Here’s some great additional footage from the Ares I-X flight taken from a chase plane, which shows the entire flight, including booster separation and parachute deploy — and the problems that happened with the parachutes. The video was taken from a Cessna Skymaster aircraft positioned approx. 10 nautical miles away from the vehicle at an altitude of 12,000 feet. The videographer used a gyro-stabilized high-definition camera system mounted to the outside of the aircraft to capture this spectacular footage which provides extremely valuable engineering data, and imagery of the recovery sequence in rarely-seen detail. This provides NASA with additional critical data from vehicle ascent, booster deceleration and parachute deploy.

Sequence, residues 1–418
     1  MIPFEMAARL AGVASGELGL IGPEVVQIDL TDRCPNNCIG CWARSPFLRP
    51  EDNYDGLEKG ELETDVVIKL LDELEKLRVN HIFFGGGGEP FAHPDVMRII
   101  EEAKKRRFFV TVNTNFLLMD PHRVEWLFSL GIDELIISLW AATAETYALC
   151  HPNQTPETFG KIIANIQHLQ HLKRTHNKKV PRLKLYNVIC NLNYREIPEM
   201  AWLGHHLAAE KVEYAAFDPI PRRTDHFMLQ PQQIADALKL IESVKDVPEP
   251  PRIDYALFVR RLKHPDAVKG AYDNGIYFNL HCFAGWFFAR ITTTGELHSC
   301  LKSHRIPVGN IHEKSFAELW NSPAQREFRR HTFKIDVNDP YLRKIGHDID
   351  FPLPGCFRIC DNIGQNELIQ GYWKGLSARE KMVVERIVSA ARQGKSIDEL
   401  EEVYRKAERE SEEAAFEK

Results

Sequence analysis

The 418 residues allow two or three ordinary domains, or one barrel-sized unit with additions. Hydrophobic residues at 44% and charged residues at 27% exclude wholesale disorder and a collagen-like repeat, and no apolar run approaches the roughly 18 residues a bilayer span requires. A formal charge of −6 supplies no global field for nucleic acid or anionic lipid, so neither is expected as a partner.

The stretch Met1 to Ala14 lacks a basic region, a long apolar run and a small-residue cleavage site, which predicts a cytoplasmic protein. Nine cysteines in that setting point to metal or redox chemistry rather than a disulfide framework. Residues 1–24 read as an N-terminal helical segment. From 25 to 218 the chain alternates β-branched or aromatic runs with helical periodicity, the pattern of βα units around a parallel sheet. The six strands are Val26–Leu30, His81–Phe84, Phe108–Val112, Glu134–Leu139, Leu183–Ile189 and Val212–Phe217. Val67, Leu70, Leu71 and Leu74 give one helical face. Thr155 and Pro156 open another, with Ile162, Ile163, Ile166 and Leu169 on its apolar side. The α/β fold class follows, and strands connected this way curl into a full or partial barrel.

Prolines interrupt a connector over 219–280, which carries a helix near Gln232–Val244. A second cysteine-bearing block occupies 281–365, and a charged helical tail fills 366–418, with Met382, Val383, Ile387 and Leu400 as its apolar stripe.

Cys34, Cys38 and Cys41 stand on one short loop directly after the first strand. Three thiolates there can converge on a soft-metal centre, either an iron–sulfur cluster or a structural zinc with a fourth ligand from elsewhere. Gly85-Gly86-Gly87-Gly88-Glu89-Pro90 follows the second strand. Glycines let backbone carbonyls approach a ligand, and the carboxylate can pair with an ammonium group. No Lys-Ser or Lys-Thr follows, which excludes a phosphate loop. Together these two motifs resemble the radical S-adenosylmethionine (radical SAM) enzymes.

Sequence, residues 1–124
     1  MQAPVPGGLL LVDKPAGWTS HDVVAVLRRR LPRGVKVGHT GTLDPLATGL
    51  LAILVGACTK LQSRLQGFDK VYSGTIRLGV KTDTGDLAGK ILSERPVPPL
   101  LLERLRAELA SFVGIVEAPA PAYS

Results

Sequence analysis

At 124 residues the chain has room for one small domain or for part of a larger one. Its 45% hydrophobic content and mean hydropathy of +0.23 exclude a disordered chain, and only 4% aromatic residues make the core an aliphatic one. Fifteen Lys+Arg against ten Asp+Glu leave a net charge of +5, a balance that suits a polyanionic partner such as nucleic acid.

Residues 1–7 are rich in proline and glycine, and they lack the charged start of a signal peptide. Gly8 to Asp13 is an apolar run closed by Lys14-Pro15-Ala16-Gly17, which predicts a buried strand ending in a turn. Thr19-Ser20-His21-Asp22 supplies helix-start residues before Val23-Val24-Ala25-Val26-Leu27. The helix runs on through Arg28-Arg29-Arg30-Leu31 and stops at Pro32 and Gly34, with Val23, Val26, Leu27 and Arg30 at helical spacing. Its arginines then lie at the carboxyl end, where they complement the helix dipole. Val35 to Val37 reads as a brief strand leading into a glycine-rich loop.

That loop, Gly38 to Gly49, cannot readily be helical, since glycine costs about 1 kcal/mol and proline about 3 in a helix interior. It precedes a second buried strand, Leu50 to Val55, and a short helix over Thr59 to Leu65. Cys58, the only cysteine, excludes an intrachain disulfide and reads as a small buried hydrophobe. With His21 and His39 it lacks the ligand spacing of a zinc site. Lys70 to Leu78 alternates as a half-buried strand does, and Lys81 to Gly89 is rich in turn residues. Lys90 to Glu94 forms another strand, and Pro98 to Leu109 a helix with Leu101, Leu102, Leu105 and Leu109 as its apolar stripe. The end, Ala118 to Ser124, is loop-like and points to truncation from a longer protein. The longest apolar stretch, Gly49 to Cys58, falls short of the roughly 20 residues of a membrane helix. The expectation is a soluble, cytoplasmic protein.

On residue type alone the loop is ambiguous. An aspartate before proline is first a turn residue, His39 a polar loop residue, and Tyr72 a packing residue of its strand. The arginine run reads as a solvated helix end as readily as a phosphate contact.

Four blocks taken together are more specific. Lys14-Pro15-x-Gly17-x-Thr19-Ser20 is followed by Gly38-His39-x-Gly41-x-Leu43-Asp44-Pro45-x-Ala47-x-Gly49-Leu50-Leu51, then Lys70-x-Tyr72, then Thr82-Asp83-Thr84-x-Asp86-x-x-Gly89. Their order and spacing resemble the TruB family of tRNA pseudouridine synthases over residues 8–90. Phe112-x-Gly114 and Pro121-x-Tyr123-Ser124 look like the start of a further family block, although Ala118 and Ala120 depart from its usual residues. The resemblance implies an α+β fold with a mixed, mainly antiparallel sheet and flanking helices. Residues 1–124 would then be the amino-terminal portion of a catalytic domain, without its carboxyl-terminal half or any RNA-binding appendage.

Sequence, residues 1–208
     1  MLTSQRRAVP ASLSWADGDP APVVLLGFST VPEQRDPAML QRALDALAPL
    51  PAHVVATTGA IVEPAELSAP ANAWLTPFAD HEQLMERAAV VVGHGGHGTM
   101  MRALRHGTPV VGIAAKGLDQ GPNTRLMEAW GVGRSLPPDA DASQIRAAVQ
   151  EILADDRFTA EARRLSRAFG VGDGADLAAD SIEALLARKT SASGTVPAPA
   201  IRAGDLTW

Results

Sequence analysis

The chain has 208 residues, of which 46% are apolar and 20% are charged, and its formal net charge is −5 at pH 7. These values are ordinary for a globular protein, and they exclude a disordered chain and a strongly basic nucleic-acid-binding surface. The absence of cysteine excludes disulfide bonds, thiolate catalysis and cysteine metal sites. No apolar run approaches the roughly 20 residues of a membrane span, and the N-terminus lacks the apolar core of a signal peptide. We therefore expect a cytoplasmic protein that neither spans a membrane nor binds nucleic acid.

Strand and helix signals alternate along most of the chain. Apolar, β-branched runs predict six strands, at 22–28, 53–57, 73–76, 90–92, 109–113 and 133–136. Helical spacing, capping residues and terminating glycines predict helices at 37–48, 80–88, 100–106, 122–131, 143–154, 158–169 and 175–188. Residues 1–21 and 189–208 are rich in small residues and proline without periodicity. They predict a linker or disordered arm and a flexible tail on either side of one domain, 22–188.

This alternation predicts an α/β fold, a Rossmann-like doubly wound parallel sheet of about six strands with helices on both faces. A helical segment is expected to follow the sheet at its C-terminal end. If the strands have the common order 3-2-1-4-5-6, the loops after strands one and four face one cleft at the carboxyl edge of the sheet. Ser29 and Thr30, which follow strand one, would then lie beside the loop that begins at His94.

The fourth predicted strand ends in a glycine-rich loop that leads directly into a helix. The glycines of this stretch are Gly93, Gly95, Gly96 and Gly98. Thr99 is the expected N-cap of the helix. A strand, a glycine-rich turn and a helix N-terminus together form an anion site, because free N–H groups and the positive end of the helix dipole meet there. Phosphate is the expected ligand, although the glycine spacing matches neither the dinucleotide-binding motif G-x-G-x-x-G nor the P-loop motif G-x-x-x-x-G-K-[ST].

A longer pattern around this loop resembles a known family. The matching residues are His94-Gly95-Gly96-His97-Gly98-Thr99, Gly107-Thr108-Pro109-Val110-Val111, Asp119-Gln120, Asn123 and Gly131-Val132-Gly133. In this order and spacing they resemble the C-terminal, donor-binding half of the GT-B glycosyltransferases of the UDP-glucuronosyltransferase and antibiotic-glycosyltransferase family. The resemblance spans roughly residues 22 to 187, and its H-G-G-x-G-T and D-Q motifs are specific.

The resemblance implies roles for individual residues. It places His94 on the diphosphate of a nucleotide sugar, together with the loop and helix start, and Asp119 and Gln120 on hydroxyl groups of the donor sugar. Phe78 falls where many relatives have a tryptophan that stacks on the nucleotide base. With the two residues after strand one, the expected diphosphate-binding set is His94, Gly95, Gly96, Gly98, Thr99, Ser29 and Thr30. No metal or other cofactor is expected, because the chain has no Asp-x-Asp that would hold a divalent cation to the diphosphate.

The parachute sequence plays out just as Ares I-X manager Bob Ess described it at a press briefing last Friday. He said all three chutes initially deployed as planned: pilot chute, then drogue chutes, then the three main chutes came out and partially deployed to a 50% open condition to avoid shock to the material. But at that point one of the mains failed and basically became a streamer. Ess said it appeared the lines went slack, which would be indicative of a problem with the riser lines and not the parachute material. Then a second chute may have gotten damaged from the bad “streamer” parachute and the second chute didn’t open all the way. So instead of coming down on three parachutes, it only had one and a half. “So that caused the booster to hit the water at a higher speed than expected, with more horizontal velocity, so booster slapped down pretty hard which caused damage on the booster.”